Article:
Easterling, D.R., B. Horton, P.D. Jones, T.C. Peterson, T.R. Karl, D.E. Parker, M.J. Salinger, V. Razuvayev, N. Plummer, P. Jamason, and C.K. Folland, 1997. Maximum and minimum temperature trends for the globe. Science 277, 364-367.

Gaffen, D.J. and R.J. Ross. 1998. Increased summertime heat stress in the U.S. Nature 396, 529-530.

Karl, T.R. and R.W. Knight, 1997. The 1995 Chicago heat wave: How likely is a recurrence? Bulletin of the American Meteorological Society 78, 1107-1119.

Karl, T.R., N. Nicholls, and J. Gregory, 1997. The coming climate. Scientific American, 78-83.

Kattenberg, A., F. Giorgi, H. Grassl, G. A. Meehl, J. F. B. Mitchell, R. J. Stouffer, T. Tokioka, A. J. Weaver, and T. M.L. Wigley, 1996. Climate models - projections of future climate. In Climate Change 1995: The Science of Climate Change, 285-357, (Eds J. T. Houghton, L. G. M. Filho, B. A. Callander, N. Harris, A. Kattenberg, and K. Maskell) Cambridge University Press, Cambridge, UK.

Mann, M. E., R. S. Bradley, and M. K. Hughes, 1998. Global-scale temperature patterns and climate forcing over the past six centuries. Nature 392, 779-787.

McMichael, A.J., 1996. Human population health. In Climate Change 1995 - Impacts, Adaptations, and Mitigation of Climate Change: Scientific-Technical Analyses, 561-584 (Eds RT Watson, MC Zinyowera, RH Moss), Cambridge University Press, Cambridge, UK.

NASA, 1999. Global temperature trends: 1998 global surface temperature smashes record. NASA Goddard Institute for Space Studies. 16 December 1998. http://www.giss.nasa.gov/research/observe/surftemp/

Nicholls, N., G. V. Gruza, J. Jouzel, T. R. Karl, L. A. Ogallo, and D. E. Parker. 1996. Observed climate variability and change. In Climate Change 1995: The Science of Climate Change, (Eds J.T. Houghton, L.G.M. Filho, B.A. Callander, N. Harris, A. Kattenberg, and K. Maskell), 133-192, Cambridge University Press, Cambridge, UK.

Overpeck, J., K. Hughen, D. Hardy, R. Bradley, R. Case, M. Douglas, B. Finney, K. Gajewski, G. Facoby, A. Jennings, S. Lamoureaux, A. Lasca, G. MacDonald, J. Moore, M. Retelle, S. Smith, A. Wolfe, and G. Zielinski, 1997. Arctic environmental change of the last four centuries. Science 278, 1251-1256.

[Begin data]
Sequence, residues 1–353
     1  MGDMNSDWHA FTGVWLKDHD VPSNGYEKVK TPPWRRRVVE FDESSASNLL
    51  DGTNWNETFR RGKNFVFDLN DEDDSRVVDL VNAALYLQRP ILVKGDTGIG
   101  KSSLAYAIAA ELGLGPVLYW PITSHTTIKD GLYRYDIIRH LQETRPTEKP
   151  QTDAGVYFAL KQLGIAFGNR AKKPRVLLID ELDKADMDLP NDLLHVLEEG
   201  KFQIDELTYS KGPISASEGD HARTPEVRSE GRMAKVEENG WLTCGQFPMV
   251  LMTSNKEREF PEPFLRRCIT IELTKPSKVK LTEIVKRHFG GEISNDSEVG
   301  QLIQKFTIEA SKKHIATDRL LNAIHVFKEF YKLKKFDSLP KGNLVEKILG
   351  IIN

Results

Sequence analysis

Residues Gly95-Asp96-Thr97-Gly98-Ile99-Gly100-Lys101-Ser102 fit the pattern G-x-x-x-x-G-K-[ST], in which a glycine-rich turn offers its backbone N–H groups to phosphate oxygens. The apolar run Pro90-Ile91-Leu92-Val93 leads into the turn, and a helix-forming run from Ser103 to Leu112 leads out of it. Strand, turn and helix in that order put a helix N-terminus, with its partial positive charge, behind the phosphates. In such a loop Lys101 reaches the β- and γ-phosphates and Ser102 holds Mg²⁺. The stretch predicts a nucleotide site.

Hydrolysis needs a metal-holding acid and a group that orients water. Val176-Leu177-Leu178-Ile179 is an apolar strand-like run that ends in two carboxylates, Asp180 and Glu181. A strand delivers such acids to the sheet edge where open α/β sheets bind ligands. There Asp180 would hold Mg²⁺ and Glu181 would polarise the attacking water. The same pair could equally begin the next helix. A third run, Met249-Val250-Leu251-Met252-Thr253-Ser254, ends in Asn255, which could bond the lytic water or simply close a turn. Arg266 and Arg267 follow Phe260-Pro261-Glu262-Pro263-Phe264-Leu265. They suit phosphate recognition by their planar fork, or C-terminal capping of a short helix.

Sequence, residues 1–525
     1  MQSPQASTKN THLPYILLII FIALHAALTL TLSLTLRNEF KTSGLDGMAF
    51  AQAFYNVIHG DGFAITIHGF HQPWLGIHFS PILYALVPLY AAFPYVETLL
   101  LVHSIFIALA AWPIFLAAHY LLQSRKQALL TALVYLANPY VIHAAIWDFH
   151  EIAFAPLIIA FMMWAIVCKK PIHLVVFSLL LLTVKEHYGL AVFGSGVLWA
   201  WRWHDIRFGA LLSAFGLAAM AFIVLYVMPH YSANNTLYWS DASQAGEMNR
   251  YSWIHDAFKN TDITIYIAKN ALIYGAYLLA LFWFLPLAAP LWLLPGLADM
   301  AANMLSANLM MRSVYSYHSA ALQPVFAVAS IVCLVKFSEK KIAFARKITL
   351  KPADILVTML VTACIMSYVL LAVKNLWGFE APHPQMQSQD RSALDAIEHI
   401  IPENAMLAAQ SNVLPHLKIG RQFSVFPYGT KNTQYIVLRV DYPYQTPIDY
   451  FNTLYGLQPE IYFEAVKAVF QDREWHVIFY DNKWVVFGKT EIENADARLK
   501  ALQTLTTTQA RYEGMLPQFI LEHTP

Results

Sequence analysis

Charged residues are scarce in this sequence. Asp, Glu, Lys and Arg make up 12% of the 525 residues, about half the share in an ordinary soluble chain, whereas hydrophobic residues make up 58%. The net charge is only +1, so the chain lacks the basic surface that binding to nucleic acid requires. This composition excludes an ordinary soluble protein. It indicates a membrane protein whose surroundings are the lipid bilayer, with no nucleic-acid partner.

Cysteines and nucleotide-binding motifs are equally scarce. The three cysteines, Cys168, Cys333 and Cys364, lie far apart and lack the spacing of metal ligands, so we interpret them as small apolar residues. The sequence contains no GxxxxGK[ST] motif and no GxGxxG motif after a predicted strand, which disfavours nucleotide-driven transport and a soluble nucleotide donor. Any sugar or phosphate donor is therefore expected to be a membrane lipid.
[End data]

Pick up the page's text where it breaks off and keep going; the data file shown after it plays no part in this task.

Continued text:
Pollack, H. N., S. Huang, and P.-Y. Shen. 1998. Climate change record in subsurface temperatures: A global perspective. Science 282, 279-281.

Wigley, T.M.L., 1999. The Science of Climate Change: Global and U.S. Perspectives. Pew Center on Global Climate Change, Arlington, Virginia, 48 p.

Additional Resources

NASA GISS Common Sense Climate Index The "Common Sense Climate Index" is a measure of whether an area has experienced a temperature change that should be noticeable to most people who have lived at that location for a few decades. GISS maintains a web site with clickable maps that can be used to display the Common Sense Index for United States and world cities. http://www.giss.nasa.gov/data/update/csci/

NCDC Extreme Weather and Climate Events This website is a gateway to climatic data and reports on extreme weather events throughout the United States and the world. http://www.ncdc.noaa.gov/ol/climate/severeweather/

National Weather Service Heat Stress Information Describes the "heat index" and heat stress, and provides links to forecasts and further information about heat waves. http://weather.noaa.gov/weather/hwave.html

"What Does Global Warming Mean for Your City?" A clickable map showing the potential increases in the number of hot days in selected US cities, based on an analysis using IPCC warming scenarios by NASA and Columbia University scientists. http://www.edf.org/programs/GRAP/90Plus/